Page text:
I will post pics later but they are virtually identical in subtlety to Hasegawa's Wildcat. Airfix make some different choices in representing some details, opting for raised detail instead of recessed where it concerns access hatches for instance, but that is a matter of taste.

If all their kits will be like this from now on... wow.

Good to hear, I'm all for seeing improvement or taking it to the next level. I have an unbuilt Hasegawa Wildcat, be interesting to see how the two compare in terms of build.

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AFAIK, the first 10 Martlet IIs were nearly the same as USN F4F-3As (or the F4F-3A prototype, XF4F-6) and used the same engine. Unsurprisingly, they were re-designated Mk.IIIs, like the 40 ex-Greek F4F-3As. Here's one:

http://www.iwm.org.uk/collections/item/object/205125171

Thanks Claudio and Troy for digging out Bruce Archer's article, refreshing my love affair and getting me back into the state of confusion I was in way back when :chair:

Looking at AM958 in your link...is my mind playing tricks, or does it have the carb air intake on the upper lip ? If so, does that mean there are two different configurations for the "first 10" ? Seems I'll have to print this thread and Bruce's and read them in close conjunction. May also be a good idea to search for the picture cross refernce notes I took way back when.

2nd edit: Looking again at the pic of 958, I'm not sure if the spacing and stagger of the case ejector slots and also their length really corresponds to the -3 configuration. The lateral spacing may be influenced by the angle of the view, of course.

Edited by tempestfan

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Not my picture,but a shot of 2 different cowls on III's side by side.

4508960044_343db64ab0_o_zpsayxtuu4z.jpg

Edited by Gwart

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Here's some photos of the Wildcat's plastic compared to the Hasegawa version. Dark grey is Hasegawa, light grey Airfix.

IMG_4149.JPG

IMG_4150.JPG

IMG_4151.JPG

As for the spine about which there is so much discussion, the overall cross section of the fuselage is identical, but the spins is somewhat shorter on the Airfix and the rounding starts a bit lower, making it look more dumpy. It also appears slightly wider.

I don't know which is correct.

Edited by sroubos

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The Airfix canopy is either too low, too wide or both: this is clear by comparing the kit with photos of the original (see the latest Airfix magazine) because the top line does not rise aft of the top of the flat windscreen. The question is whether this is due to a flaw in the spine - is it just too shallow? - or in the main fuselage. If the spine is just too shallow then this is fairly easily corrected. I believe that you are saying that the cross-sections of the two kits have the same depth from the belly to the top of the spine. In this case the flaw appears to be that the round part of Airfix's fuselage is too fat and hence ends too high. Which isn't so easy to fix: the lesser of the evils is probably to extend the spine and get a replacement canopy anyway, and just live with it being a little deep. There are plenty of kits around that would look worse.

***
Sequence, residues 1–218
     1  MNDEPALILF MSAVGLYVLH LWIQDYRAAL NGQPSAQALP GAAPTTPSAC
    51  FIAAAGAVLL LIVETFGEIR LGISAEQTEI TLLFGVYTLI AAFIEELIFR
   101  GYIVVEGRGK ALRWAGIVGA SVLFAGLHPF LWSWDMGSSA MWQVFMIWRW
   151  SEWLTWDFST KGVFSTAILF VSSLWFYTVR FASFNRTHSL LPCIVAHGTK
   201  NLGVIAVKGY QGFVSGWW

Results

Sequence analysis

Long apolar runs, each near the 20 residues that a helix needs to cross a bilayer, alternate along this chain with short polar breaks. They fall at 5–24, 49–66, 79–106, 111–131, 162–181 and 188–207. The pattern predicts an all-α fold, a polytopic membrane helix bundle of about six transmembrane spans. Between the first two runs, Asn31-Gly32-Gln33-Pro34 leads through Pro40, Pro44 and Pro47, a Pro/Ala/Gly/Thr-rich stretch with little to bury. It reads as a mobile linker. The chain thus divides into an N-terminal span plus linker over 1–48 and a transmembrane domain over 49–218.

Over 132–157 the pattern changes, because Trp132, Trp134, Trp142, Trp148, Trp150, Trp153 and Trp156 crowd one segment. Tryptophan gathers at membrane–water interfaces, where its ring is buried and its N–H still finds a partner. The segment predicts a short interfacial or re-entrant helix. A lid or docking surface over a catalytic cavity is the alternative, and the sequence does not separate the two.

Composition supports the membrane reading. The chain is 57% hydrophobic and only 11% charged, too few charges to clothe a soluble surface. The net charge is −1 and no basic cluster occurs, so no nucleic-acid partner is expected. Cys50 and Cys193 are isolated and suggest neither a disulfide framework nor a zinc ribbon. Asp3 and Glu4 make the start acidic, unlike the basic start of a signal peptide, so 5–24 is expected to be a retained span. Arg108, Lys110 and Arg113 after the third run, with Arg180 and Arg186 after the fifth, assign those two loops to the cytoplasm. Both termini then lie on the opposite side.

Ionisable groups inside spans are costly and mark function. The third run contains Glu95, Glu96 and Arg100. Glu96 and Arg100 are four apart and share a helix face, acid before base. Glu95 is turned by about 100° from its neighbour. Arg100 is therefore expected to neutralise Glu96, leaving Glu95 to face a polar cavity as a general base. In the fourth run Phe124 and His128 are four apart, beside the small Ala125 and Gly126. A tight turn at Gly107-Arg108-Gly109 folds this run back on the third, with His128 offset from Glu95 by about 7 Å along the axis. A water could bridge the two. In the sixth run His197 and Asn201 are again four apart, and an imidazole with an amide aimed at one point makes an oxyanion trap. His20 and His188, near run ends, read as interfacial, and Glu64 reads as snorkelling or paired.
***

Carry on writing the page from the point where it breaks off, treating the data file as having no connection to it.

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I believe that you are saying that the cross-sections of the two kits have the same depth from the belly to the top of the spine. In this case the flaw appears to be that the round part of Airfix's fuselage is too fat and hence ends too high.

Yes, that's the case.

Personally it's not an issue for me but if one is a purist or just very knowledgeable about the type I do understand it is annoying to look at.

Edited by sroubos

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Not my picture,but a shot of 2 different cowls on III's side by side.

You're right! I never realized that.

After reading your post I immediately turned to the set of pictures by Lt. Chilton: https://www.flickr.com/photos/billchilton/sets/72157623826178790 (on page 2)

and there are indeed Martlets both with and without the upper cowl air intake.

Two machines with no air intake on the upper cowl lip were AX744 and HK842. Reportedly, AX744 was Bu.No. 3900. Detail and Scale no. 65 on the Wildcat has a nice diagram showing a number of changes of cowling shape and the position of air intakes on the F4F-3/3A.

Claudio

Edited by ClaudioN

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Not my picture,but a shot of 2 different cowls on III's side by side.

Looks like I'm doing another Mk III...

Tim